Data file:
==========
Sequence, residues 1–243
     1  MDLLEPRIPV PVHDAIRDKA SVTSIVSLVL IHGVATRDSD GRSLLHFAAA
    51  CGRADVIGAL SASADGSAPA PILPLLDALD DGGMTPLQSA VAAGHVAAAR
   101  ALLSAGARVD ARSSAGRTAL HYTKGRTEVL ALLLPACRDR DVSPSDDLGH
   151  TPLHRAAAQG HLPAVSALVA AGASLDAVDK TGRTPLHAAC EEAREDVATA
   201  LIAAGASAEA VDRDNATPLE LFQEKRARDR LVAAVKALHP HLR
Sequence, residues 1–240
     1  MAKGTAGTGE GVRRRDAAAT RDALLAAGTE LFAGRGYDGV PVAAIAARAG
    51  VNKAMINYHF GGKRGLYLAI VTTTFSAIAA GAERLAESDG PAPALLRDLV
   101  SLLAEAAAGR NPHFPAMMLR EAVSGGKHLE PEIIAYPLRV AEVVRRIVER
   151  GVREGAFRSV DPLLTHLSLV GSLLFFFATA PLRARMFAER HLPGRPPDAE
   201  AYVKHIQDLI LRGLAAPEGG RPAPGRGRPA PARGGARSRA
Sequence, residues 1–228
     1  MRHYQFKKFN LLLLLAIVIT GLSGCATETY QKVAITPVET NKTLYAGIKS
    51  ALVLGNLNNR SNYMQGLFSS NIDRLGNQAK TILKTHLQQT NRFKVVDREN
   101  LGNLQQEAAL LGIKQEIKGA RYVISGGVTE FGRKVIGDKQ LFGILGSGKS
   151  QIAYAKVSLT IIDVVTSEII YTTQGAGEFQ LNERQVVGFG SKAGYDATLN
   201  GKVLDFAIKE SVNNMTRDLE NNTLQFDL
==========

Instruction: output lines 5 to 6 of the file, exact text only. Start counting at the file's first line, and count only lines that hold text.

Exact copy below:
   151  TPLHRAAAQG HLPAVSALVA AGASLDAVDK TGRTPLHAAC EEAREDVATA
   201  LIAAGASAEA VDRDNATPLE LFQEKRARDR LVAAVKALHP HLR